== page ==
N Korea’s disabled come in from the cold
North Korea is making its debut at the Paralympic Games, a potential sign of change in a country where, according to activists, disabled people have faced enforced isolation and sterilisation.
Sixteen-year-old swimmer Rim Ju-song, a left arm and left leg amputee, is the reclusive, nuclear-armed nation’s first and only athlete in the London Games, which open on Wednesday. He will compete in the 50m freestyle S6 event.
Nine officials from the North Korean delegation were at the Olympic Park in east London on Monday and said they were looking forward to being involved, although they were unsure about how the teenager would fare.
“He has been training very hard but I don’t know what will happen,” said Kim Sung-chol, the team doctor, adding that Rim, who was given a wildcard entry, had not competed internationally to get to the qualifying standard.
“But the main thing is that we are participating to experience the Games, then next time, if we can improve further, then maybe at the next Paralympics (in Rio de Janeiro in 2016) we can be involved more,” he said in English.
North Korea won four gold medals and two bronze at this summer’s London Olympics, finishing 20th in the overall medal table to register the country’s best performance since Barcelona in 1992.
The athletes returned home to a heroes’ welcome on August 17, with cheering crowds lining the streets of the capital Pyongyang before Premier Choe Yong-rim and other top officials hosted a banquet reception, according to state media.
Vice Premier Kim Yong-jin said in a speech that the gold medallists had glorified “the great era of Kim Jong-un”, who took over as the country’s supreme leader after his father Kim Jong-il’s death in December last year.
The communist state has featured in international sport for many years, most notably the 1966 football World Cup where they reached the quarter-finals, losing to Eusebio’s Portugal 5-3.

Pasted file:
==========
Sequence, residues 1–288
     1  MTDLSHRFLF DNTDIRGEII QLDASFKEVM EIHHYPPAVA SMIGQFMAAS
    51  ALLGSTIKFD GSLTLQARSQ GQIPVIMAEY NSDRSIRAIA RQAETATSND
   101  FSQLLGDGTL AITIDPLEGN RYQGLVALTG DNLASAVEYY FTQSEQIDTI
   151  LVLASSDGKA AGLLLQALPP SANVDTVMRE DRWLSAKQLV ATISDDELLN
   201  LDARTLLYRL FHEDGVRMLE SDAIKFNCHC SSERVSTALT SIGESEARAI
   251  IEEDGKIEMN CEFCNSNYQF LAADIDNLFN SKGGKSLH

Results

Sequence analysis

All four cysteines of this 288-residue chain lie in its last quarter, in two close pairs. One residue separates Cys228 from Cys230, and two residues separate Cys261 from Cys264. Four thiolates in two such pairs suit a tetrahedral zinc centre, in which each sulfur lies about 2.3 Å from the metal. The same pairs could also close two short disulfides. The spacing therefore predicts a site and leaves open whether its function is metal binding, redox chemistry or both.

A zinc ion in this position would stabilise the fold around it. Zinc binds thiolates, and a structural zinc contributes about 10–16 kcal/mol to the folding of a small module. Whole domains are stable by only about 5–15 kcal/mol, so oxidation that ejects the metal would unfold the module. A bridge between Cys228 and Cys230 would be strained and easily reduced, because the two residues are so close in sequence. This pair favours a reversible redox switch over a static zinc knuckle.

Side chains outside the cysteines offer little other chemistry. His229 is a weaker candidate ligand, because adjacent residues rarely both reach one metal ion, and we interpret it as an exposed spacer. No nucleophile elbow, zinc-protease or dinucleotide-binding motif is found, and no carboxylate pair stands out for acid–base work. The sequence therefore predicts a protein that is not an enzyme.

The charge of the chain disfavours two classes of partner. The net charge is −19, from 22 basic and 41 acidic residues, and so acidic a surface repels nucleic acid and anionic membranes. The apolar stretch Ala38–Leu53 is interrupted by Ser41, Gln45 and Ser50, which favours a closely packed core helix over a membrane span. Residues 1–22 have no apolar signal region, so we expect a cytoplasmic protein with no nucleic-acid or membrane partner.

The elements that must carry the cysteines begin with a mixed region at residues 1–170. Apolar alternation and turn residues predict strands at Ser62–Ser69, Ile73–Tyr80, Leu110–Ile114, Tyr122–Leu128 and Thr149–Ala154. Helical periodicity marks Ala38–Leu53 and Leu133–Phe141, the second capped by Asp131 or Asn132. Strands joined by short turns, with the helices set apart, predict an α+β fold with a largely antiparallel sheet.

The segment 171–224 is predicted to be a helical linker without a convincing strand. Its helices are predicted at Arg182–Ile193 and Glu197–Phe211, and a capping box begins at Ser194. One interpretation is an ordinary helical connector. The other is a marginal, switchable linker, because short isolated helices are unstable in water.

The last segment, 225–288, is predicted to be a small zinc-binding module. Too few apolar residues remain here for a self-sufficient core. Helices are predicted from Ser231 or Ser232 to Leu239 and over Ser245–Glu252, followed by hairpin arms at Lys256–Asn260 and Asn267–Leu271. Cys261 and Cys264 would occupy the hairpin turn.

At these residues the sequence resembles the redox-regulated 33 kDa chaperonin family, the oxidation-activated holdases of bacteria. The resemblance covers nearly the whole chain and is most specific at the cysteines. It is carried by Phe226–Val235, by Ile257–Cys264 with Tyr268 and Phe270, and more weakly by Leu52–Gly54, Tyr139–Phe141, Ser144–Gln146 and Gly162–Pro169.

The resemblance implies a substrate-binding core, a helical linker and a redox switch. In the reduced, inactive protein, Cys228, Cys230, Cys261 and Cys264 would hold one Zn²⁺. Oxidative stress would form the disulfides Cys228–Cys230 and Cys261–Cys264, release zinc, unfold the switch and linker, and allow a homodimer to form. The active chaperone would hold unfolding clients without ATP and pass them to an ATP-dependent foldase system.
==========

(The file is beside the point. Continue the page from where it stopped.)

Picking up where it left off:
But people with physical or intellectual impairments have faced a long history of discrimination. Acute malnutrition, which stunts development in children, has exacerbated rates of disability, according to the United Nations.
South Korean activists and human rights reports from the US State Department have alleged in the past that disabled people were quarantined within camps far outside Pyongyang and forcibly sterilised.
Charities working in the country, however, have said that attitudes are slowly changing and the government now offers welfare programmes for disabled people while there is a para-sports centre in Pyongyang.
North Korea’s neighbour and arch-rival, South Korea, first participated at the Paralympics in 1968 and has sent athletes to every Games since, winning 279 medals in total, including 110 gold.
Kim Sung-chol said that North Korea has a number of athletes with a disability, particularly in table tennis and powerlifting, yet all failed to qualify for London.
He also said that his compatriots were supportive of para-sport, which could bode well for the future.
“Of course we have not organised this (the Paralympics) but people do enjoy it. Koreans really like their sport,” he added.
“At the Paralympics, we are first timers. Maybe in the future we can select some excellent athletes and win medals.”